Boom Studios' comic adaptions of Cartoon Network shows such as Adventure Time and Steven Universe, published through their KaBoom imprint, has resulted in some of the best all-ages comics in recent memory. Hot on the heels of a successful miniseries, this week sees the release of a brand new Over The Garden Wall ongoing series that delves into and fleshes out the world of the show.

The new series is split into two, with Jim Campbell --- who served as a storyboard artist on the cartoon --- contributing to the ongoing adventures of Greg and his frog Jason Funderburker, while Amalia Levari and Cara McGee uncover the story of Anna, The Woodsman's Daughter from the show. We caught up with Campbell to chat about adapting the series from animation to comics, the freedom the medium grants, and splitting up the brothers. Plus, Boom has provided us with an exclusive preview of Levari and McGee's story in Over The Garden Wall #1

ComicsAlliance: What are the biggest differences between writing for animation and writing for cartoons?

Jim Campbell: On the Over the Garden Wall animated series my job as a storyboard artist had me sort of filling in the blanks in a very rough script. The basic plot points were all there already written by Pat McHale and the other writers on the show. So, my job was really to fill in the blanks and try and come up with funny dialogue and action.

The first several comics we’ve done so far were almost completely scripted by Pat, so I was a little more limited. The action was mostly already divided into plans and the dialogue was all written. But on this new issue and series, I got to come up with everything from the beginning. But much like the TV show, we’ve had a couple punching-up rounds. Which is to say, Danielle Burgos and Pat McHale have suggested gags, dialogue, and plot twists to help the story along. I’m doing a lot more of the work now, but I’m still getting by with help from my friends.

CA: You also did storyboards for the animated series, how much crossover in skill-set is there between laying out storyboards and laying out comics pages?

JC: I’d say it’s very similar. I actually learned some things about camera motion and angles between cuts that I am using now in the comics. It helped me to be more critical of the staging in some of my panels. On a comic page you can do more experimental things but I feel like it’s good to have that frame of reference as a starting point — to know the rules so you can break them.


Veronica Fish


CA: Your own style of cartooning is noticeably different from the art style of the television show, were you encouraged to make it your own, as it were?

JC: Pat McHale has been very encouraging of me stretching out in my own way, but I try to keep some consistency. I try to keep the main characters mostly on model and follow some of the vague style rules of the show. But of course my lifework will just end up going of those rails sometimes and I let it. On some level, I am really just incapable of totally mimicking someone else’s style. Anyway, I feel like comics look best when an artist has that freedom to be themselves. I’d rather look at drawings that are unique expressions of the person doing them than something that perfectly mimics another artist or studio style.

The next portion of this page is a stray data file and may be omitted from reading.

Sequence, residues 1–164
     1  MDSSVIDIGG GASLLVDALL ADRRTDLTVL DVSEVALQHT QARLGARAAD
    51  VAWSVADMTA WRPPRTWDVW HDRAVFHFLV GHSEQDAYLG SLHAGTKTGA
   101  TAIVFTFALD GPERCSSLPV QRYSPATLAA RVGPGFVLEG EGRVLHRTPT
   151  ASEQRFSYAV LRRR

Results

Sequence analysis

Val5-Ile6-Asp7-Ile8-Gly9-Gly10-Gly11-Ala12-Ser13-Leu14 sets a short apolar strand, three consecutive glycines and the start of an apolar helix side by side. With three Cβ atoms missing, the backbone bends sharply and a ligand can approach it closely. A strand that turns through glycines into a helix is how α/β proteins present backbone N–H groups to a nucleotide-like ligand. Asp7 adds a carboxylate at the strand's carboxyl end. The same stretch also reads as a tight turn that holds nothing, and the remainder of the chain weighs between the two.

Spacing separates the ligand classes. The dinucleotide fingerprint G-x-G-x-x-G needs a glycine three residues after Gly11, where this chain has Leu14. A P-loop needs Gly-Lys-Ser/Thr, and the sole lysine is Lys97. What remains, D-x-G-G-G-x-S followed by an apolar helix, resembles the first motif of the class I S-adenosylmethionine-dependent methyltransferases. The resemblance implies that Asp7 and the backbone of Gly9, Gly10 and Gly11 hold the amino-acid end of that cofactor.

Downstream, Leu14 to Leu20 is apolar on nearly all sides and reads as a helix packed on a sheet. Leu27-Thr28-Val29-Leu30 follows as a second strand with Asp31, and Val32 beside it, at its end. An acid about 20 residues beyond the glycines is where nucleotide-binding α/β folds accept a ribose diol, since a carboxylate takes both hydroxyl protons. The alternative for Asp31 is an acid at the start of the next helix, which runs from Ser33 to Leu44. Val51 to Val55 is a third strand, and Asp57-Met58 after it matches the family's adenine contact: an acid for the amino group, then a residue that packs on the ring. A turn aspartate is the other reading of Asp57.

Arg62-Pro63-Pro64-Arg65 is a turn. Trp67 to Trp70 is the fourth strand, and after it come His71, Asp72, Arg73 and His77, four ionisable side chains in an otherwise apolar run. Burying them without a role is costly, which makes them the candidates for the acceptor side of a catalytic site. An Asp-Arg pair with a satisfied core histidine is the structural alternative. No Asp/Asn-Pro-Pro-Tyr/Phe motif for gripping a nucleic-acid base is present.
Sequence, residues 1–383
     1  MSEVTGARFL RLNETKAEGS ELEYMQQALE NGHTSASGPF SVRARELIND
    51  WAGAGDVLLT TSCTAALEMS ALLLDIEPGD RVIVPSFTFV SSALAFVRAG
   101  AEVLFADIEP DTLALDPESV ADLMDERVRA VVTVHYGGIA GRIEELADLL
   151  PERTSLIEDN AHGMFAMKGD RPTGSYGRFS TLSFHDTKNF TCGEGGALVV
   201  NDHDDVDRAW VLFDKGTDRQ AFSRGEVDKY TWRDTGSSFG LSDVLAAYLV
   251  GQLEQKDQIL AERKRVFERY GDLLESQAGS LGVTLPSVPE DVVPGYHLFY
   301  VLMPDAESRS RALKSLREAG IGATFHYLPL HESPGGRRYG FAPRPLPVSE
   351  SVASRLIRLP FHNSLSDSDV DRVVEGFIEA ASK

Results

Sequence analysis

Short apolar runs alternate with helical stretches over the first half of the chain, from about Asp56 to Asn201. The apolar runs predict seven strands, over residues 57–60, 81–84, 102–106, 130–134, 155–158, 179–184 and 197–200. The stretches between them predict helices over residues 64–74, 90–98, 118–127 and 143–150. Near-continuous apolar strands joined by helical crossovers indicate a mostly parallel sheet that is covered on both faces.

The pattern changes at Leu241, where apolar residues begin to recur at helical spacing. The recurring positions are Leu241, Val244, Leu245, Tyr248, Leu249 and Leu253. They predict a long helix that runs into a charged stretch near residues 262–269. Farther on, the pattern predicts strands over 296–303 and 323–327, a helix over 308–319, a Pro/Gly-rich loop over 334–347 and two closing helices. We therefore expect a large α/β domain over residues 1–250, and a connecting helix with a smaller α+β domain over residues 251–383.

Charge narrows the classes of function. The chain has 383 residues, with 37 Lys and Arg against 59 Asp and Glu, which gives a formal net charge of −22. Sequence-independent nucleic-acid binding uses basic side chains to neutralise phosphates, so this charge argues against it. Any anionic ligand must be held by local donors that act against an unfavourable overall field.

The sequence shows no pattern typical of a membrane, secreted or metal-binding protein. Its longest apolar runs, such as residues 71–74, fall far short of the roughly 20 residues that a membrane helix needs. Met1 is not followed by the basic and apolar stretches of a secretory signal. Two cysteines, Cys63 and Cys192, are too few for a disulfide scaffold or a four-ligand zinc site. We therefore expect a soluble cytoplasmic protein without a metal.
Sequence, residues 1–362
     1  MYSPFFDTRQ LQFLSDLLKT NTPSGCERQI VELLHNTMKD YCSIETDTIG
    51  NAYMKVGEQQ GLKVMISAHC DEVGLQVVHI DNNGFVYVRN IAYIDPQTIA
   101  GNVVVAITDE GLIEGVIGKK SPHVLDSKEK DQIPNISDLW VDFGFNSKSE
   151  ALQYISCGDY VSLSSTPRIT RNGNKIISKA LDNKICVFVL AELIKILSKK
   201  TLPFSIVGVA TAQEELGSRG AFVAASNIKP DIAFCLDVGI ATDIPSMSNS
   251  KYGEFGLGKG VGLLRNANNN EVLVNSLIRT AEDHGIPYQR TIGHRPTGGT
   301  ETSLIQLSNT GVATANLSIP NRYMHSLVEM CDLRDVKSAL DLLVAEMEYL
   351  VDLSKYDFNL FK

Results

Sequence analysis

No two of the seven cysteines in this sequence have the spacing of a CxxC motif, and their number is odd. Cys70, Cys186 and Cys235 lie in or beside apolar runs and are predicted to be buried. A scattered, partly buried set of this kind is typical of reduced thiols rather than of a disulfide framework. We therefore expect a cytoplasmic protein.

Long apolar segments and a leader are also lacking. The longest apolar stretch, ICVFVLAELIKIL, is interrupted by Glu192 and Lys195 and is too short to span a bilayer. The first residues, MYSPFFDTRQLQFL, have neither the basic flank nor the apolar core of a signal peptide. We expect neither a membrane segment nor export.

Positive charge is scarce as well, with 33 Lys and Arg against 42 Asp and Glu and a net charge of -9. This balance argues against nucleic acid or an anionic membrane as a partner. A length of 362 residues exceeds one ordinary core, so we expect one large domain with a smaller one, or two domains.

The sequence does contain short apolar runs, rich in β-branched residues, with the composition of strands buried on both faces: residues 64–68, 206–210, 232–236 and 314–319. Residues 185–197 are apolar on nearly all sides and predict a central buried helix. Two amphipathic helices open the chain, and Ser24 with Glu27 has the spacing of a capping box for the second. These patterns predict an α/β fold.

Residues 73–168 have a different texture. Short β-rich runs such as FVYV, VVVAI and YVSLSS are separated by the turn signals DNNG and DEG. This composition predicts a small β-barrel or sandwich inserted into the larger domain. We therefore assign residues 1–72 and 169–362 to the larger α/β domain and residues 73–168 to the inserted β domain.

CA: How closely do you work with Cartoon Network and Patrick McHale on the series? Is there a certain level of trust that comes with working on the show?

JC: Pat is still very much involved. He gave me the reigns to write for these issues, but I consult him to nail down some of the mythology and key elements. I know he put a lot of himself into the show and I don’t want to stray too far from the thing he feels are right for these characters. He’s been really supportive in that regard, and, as I said before, he’s even been helping punch up some dialogue and gags.


S.M. Vidaurri


CA: Your story in Over The Garden Wall #1 is a Greg solo story. Why lead off with that, rather than a more traditional adventure with his older brother Wirt?

JC: Previous issues took place between episodes of the show, so it made sense that Wirt and Greg were still lost together in the Unknown and a lot had yet to be resolved. The TV show was a very contained story, and we wanted to explore something a little bit new without negating the original show. Even though Greg was a main character in the show, Wirt was really the center of focus and the Unknown reflects a lot about him. We thought it would be fun to focus on Greg and his very different outlook… to start with anyway.

CA: Will there be a Wirt solo adventure? Do you have plans to spotlight any other characters from the show?

JC: It’s still up in the air right now, but I am certain we will be seeing more of Wirt down the road.

CA: Is there an continuing story with your half of the ongoing series, or will they be one-off adventures highlighting new places in the world of Over The Garden Wall?

JC: Right now there is a definite story arch over the first several issues. That’s the basic format I’m following for my half of the book: contained episodic stories with an overarching bigger story. And those bigger stories may overlap. Sorta like the original show. It’ll be fun.


Over The Garden Wall #1 is out today and is available digitally and in comic stores. Check out an exclusive preview of Amalia Levari and Cara McGee's story below.